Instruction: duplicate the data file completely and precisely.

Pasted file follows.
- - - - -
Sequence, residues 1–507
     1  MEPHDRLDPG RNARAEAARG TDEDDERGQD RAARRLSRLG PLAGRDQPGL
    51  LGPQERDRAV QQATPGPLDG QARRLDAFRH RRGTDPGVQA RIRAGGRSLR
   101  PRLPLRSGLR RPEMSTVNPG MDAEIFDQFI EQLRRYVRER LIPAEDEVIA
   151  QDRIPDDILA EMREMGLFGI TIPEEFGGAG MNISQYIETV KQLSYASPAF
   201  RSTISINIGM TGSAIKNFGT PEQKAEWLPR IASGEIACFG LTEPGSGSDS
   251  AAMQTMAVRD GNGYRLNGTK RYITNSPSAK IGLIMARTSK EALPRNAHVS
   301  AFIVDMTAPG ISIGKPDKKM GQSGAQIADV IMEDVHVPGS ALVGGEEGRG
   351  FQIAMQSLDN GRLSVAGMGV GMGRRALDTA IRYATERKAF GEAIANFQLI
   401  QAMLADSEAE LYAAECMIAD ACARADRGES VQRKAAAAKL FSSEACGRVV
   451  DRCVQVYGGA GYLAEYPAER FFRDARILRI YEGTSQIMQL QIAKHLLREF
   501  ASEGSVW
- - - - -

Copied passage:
Sequence, residues 1–507
     1  MEPHDRLDPG RNARAEAARG TDEDDERGQD RAARRLSRLG PLAGRDQPGL
    51  LGPQERDRAV QQATPGPLDG QARRLDAFRH RRGTDPGVQA RIRAGGRSLR
   101  PRLPLRSGLR RPEMSTVNPG MDAEIFDQFI EQLRRYVRER LIPAEDEVIA
   151  QDRIPDDILA EMREMGLFGI TIPEEFGGAG MNISQYIETV KQLSYASPAF
   201  RSTISINIGM TGSAIKNFGT PEQKAEWLPR IASGEIACFG LTEPGSGSDS
   251  AAMQTMAVRD GNGYRLNGTK RYITNSPSAK IGLIMARTSK EALPRNAHVS
   301  AFIVDMTAPG ISIGKPDKKM GQSGAQIADV IMEDVHVPGS ALVGGEEGRG
   351  FQIAMQSLDN GRLSVAGMGV GMGRRALDTA IRYATERKAF GEAIANFQLI
   401  QAMLADSEAE LYAAECMIAD ACARADRGES VQRKAAAAKL FSSEACGRVV
   451  DRCVQVYGGA GYLAEYPAER FFRDARILRI YEGTSQIMQL QIAKHLLREF
   501  ASEGSVW